HOUSTON - Friends of a homeless man who was killed by a security guard in southeast Houston in June plan to honor his life.
Michael Haynie, 63, died on June 18 outside Sun Washateria in the 7800 block of Bellfort Street.
Houston police said a security guard, who was later identified as 27-year-old Lance Campbell, was charged in connection with the death of Haynie.
Star Protection Agency confirmed that Campbell was one of its security guards who patrolled the area near the washateria.
Crowson said Campbell had seen Haynie in the area Monday. During that encounter, Campbell told the man to stay away or he would seek trespassing charges against him, according to police.
Around 9 p.m. that Tuesday, Campbell spotted Haynie rummaging through a dumpster and throwing trash out of the bin, police said.
Campbell told police that, when he approached Haynie, Haynie became aggressive and walked toward him. Campbell fired one shot, killing the man, police said.
Surveillance video obtained from the property contradicted Campbell’s story, according to police. On Wednesday, the guard made his first appearance before a probable cause court judge and, in the courtroom, prosecutors said investigators determined the statements Campbell made were not consistent with the evidence found at the scene.
Prosecutors said the video police viewed shows Campbell approaching Haynie, turning over the victim’s cart, then drawing a gun on the man.
The video goes on to show Campbell leaving and returning a minute later wearing gloves to do a chest compression, according to prosecutors.
Campbell was charged with murder.
Who was Spike?
Haynie, also known as Spike, was a member of Urban Animals. The roller skaters group comprised of hundreds of people recently celebrated its 40th anniversary with one less member. Pen Morrison, an Urban Animals, member, said they learned of Haynie’s death by seeing it on the news.
“We found out that a homeless man had been shot by a security guard and it turned out to be our friend Spike,” Morrison said.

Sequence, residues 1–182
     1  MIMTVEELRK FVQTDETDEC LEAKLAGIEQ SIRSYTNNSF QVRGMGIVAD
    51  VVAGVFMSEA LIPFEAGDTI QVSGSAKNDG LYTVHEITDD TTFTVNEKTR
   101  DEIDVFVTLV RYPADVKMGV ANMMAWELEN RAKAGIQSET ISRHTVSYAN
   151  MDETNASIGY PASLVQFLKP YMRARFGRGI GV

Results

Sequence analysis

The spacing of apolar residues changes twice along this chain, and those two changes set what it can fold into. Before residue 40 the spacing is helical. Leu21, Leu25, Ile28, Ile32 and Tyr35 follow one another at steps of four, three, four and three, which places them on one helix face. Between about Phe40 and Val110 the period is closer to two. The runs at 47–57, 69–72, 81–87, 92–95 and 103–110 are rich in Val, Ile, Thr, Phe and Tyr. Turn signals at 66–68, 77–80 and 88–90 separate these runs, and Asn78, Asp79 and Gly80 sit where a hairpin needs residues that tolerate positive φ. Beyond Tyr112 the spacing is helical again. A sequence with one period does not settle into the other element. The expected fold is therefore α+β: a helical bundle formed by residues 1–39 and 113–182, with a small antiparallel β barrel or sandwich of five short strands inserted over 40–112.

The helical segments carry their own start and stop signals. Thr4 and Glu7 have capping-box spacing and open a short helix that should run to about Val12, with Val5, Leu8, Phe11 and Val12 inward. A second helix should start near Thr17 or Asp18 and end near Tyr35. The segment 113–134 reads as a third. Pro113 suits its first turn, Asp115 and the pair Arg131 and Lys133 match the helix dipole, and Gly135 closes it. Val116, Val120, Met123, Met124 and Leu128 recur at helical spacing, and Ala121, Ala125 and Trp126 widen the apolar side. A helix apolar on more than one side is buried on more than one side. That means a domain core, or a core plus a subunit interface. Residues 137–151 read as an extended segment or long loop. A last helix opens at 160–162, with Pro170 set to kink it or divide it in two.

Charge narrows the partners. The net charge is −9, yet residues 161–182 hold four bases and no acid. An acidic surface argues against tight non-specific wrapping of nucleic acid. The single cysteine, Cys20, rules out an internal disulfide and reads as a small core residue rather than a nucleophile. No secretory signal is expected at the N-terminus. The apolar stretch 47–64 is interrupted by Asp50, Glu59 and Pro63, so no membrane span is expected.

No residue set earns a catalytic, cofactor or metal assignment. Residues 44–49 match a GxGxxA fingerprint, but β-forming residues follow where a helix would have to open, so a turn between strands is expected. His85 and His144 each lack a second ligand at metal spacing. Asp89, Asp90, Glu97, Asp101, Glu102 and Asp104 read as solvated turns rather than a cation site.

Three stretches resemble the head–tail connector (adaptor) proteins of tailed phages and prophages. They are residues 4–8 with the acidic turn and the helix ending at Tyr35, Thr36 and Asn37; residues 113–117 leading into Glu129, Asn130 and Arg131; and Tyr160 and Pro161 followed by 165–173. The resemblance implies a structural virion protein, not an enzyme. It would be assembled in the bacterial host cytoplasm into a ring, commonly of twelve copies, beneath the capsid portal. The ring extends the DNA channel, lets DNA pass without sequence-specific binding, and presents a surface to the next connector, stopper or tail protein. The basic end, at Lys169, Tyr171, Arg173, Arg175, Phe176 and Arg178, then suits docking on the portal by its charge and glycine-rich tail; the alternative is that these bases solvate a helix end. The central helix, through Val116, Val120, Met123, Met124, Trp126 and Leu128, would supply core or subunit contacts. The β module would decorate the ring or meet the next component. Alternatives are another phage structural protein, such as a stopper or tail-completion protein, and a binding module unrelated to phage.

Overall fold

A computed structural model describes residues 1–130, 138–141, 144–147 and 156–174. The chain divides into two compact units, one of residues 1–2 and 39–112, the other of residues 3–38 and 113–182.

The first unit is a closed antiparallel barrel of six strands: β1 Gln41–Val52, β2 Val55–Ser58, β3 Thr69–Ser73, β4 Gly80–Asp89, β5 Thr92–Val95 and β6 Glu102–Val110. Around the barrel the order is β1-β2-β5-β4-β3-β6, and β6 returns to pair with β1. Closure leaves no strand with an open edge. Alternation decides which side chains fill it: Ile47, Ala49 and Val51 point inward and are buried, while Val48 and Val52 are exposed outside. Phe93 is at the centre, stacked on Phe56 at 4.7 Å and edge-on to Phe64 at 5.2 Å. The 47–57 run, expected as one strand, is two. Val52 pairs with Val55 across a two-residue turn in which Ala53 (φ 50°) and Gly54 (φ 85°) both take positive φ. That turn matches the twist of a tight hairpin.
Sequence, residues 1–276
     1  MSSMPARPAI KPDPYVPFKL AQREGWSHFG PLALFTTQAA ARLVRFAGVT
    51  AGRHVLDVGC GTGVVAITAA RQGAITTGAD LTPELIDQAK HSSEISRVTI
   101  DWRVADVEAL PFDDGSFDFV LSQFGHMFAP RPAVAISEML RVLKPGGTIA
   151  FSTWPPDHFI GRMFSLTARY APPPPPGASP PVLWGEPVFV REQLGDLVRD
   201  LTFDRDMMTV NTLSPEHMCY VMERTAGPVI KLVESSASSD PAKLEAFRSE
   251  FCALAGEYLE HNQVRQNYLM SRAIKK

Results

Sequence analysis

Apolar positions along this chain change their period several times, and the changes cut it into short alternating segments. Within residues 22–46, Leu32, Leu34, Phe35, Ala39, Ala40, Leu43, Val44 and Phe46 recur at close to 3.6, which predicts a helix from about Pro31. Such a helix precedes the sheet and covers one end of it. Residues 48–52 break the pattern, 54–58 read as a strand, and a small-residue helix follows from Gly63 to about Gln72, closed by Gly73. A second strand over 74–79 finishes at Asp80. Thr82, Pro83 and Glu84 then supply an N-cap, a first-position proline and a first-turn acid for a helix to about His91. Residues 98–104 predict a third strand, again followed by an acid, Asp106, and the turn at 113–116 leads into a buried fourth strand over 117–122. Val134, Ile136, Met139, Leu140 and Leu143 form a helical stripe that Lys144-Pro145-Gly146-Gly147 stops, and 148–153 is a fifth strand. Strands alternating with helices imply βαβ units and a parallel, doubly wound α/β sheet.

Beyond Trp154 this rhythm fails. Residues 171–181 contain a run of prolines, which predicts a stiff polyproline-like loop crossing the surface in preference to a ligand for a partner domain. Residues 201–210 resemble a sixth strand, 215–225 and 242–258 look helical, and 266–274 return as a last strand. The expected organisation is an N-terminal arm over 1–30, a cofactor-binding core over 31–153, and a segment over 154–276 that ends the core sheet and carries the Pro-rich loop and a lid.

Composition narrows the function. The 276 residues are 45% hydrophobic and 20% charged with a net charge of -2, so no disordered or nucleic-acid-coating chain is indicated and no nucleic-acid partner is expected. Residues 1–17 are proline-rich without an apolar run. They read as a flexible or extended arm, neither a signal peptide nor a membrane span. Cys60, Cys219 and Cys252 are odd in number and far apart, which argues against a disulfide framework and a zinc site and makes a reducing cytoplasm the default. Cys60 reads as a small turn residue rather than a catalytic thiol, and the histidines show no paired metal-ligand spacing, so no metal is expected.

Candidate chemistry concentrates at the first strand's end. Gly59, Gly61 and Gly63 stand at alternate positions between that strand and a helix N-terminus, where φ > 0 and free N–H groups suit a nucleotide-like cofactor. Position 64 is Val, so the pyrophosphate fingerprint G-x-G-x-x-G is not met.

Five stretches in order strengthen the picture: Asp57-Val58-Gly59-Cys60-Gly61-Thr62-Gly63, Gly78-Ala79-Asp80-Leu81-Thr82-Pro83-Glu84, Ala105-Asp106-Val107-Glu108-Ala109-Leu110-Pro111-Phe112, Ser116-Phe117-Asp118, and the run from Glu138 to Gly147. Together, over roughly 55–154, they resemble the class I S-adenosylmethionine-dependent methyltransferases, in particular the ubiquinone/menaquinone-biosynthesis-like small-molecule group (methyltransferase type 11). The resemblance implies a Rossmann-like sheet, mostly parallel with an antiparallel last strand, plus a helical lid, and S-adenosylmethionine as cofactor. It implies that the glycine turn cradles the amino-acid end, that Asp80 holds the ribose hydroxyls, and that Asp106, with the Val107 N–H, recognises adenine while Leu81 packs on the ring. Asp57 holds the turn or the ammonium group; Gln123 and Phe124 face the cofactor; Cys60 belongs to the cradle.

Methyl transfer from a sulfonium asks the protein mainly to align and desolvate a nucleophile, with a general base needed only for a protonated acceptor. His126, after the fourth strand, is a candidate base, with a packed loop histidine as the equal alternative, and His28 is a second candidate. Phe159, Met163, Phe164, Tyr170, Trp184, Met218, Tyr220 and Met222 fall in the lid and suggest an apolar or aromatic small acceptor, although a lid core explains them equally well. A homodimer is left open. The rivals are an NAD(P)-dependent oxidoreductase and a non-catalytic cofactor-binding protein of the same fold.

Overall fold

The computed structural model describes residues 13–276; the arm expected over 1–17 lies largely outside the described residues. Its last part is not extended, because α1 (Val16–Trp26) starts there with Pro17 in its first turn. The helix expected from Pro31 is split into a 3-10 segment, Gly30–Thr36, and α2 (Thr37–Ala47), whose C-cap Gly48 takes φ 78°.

Several friends told KPRC 2 that Haynie was an only child. Both of his parents died when he was younger. Friends described him as being funny, a lover of music and a gentleman. They said the 63-year-old had chronic back pain, which caused him to lose his job and ultimately led him to live on the streets.
“Him being homeless was just the very end of a very long life with many twists and turns,” Morrison said.
What did Campbell say?
KPRC2 went by Campbell’s Missouri City home on Monday. Campbell answered the door but said he had no comment. Star Protection Agency confirmed to KPRC 2 that it relieved the security guard from his duty on June 24.
Morrison said she wants Campbell to know he took the life of a wonderful person who was more than a man living on the street.
“People are very concerned about wanting to honor his memory and not just have him shown as just a homeless person because we feel that no homeless person is just a homeless person,” she said. “Everybody had a long story and jobs and friends and lives way before they became homeless.”
The Urban Animals group plans to honor Haynie on July 28 at Rudyard's British Pub and Grill from 3 p.m. to 7 p.m. They also plan to attend Campbell’s next court appearance on July 22.
Haynie will be cremated. Plans for his ashes are still being decided.
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